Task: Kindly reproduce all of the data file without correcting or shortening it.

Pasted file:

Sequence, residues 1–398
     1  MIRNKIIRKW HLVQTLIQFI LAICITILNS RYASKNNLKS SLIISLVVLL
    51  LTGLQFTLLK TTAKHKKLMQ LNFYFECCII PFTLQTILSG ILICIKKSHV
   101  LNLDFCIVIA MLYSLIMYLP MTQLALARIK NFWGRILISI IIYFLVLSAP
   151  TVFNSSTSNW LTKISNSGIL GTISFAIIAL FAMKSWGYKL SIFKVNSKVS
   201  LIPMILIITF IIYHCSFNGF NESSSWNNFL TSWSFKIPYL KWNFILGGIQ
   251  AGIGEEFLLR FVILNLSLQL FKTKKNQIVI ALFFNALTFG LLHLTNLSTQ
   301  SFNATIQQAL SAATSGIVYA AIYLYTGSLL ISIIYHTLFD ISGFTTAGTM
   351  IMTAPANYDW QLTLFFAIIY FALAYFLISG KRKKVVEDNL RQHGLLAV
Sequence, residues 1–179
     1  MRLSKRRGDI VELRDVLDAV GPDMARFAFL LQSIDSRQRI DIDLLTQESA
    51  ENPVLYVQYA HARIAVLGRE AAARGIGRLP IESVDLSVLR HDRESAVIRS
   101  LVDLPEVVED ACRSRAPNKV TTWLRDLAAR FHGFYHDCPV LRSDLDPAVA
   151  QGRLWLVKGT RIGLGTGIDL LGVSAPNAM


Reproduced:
Sequence, residues 1–398
     1  MIRNKIIRKW HLVQTLIQFI LAICITILNS RYASKNNLKS SLIISLVVLL
    51  LTGLQFTLLK TTAKHKKLMQ LNFYFECCII PFTLQTILSG ILICIKKSHV
   101  LNLDFCIVIA MLYSLIMYLP MTQLALARIK NFWGRILISI IIYFLVLSAP
   151  TVFNSSTSNW LTKISNSGIL GTISFAIIAL FAMKSWGYKL SIFKVNSKVS
   201  LIPMILIITF IIYHCSFNGF NESSSWNNFL TSWSFKIPYL KWNFILGGIQ
   251  AGIGEEFLLR FVILNLSLQL FKTKKNQIVI ALFFNALTFG LLHLTNLSTQ
   301  SFNATIQQAL SAATSGIVYA AIYLYTGSLL ISIIYHTLFD ISGFTTAGTM
   351  IMTAPANYDW QLTLFFAIIY FALAYFLISG KRKKVVEDNL RQHGLLAV
Sequence, residues 1–179
     1  MRLSKRRGDI VELRDVLDAV GPDMARFAFL LQSIDSRQRI DIDLLTQESA
    51  ENPVLYVQYA HARIAVLGRE AAARGIGRLP IESVDLSVLR HDRESAVIRS
   101  LVDLPEVVED ACRSRAPNKV TTWLRDLAAR FHGFYHDCPV LRSDLDPAVA
   151  QGRLWLVKGT RIGLGTGIDL LGVSAPNAM